The Clinton administration formally waded into the cybercrime debate this week by forwarding a proposal to Capitol Hill that calls for enhancing law enforcement's ability to conduct wiretaps while creating new privacy protections.
Justice Department officials sent what they call the "Enhancement of Privacy and Public Safety in Cyberspace Act" to House and Senate leaders on Monday, spelling out the details of a proposal first outlined by White House Chief of Staff John Podesta two weeks ago.
The 19-page proposal, accompanied by 37 pages of explanation, combines new authority for law enforcers to conduct wiretaps across state lines with additional privacy protections for certain types of electronic communication, including e-mail.
No legislators have yet stepped forward to introduce the proposed bill, and Justice Department officials did not return phone calls seeking an explanation of why the measure was sent to Congress while it is in recess.
In the Justice Department letter sent to House Speaker Dennis Hastert, R-IL, and Vice President Al Gore in his capacity as president of the Senate, Assistant Attorney General Robert Raben said the proposed bill would "harmonize the standards for intercepting electronic, wire, and cable communication." The task would be accomplished, he wrote, by raising the legal standard under which police conduct e-mail surveillance-and lower the standard for cable modem transmissions-to that which is employed for telephone wiretaps.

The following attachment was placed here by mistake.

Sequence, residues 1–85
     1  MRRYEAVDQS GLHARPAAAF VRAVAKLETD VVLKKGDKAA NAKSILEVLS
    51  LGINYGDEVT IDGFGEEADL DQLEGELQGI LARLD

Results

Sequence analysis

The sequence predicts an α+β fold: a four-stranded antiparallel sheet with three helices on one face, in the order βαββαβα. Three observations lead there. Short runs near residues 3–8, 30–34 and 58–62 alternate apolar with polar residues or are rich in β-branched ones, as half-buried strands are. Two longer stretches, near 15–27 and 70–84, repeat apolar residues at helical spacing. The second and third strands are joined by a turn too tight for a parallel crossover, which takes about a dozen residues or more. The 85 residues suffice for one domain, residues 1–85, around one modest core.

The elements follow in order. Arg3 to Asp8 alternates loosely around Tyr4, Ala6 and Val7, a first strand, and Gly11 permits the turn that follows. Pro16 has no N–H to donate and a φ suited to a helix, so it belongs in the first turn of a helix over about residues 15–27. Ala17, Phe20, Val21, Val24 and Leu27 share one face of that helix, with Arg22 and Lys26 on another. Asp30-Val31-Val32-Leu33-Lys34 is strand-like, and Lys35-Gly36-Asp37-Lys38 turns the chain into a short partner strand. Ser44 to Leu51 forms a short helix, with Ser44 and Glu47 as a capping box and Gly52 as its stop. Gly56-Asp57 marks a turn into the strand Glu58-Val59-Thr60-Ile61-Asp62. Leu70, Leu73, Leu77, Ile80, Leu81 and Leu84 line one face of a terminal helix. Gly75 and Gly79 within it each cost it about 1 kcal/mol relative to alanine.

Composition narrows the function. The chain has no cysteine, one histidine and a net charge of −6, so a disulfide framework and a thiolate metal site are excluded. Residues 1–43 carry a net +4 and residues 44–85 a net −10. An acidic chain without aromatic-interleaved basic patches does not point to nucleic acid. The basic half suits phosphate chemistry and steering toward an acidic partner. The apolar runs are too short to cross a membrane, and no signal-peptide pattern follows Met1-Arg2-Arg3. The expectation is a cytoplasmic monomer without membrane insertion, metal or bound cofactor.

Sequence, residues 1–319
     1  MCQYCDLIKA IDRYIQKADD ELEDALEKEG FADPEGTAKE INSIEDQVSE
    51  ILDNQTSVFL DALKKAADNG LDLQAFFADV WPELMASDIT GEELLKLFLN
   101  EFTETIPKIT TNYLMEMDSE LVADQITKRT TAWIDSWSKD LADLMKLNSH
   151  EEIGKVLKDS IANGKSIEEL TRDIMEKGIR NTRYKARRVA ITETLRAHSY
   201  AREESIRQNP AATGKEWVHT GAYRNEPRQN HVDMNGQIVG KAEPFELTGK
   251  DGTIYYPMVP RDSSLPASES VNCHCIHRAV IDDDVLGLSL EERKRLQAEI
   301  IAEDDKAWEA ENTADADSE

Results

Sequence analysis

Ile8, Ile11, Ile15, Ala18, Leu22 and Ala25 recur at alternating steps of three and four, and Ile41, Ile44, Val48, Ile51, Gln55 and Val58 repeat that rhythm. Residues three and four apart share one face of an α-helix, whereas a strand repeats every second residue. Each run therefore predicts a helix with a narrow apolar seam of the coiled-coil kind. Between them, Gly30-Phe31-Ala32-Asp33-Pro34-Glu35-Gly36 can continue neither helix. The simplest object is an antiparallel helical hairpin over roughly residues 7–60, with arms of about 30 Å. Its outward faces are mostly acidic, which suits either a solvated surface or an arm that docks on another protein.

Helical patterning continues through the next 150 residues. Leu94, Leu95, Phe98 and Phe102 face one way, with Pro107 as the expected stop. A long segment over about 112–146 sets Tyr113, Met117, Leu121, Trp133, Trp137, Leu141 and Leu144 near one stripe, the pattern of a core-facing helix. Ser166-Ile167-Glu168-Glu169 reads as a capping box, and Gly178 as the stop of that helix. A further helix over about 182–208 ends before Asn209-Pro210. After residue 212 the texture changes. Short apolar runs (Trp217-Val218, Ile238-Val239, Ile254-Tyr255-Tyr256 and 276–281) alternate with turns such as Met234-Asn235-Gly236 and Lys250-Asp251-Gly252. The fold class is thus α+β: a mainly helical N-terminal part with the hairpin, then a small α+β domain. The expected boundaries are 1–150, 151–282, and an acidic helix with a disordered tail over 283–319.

The measure also would enhance the ability of law enforcement to conduct national "trap and trace" orders that seek the phone numbers of individuals who call the suspect of investigation, while at the same time specifying that a judge would have the power to deny such requests, Raben wrote.
Center for Democracy and Technology Executive Director Jerry Berman said that while he was heartened by the administration's recognition of the need to update surveillance laws, he added that "in many areas, it seems that the balance between law enforcement and privacy comes down too strongly on the law enforcement side."
"We think there needs to be significant privacy enhancements to strike the right balance," Berman said.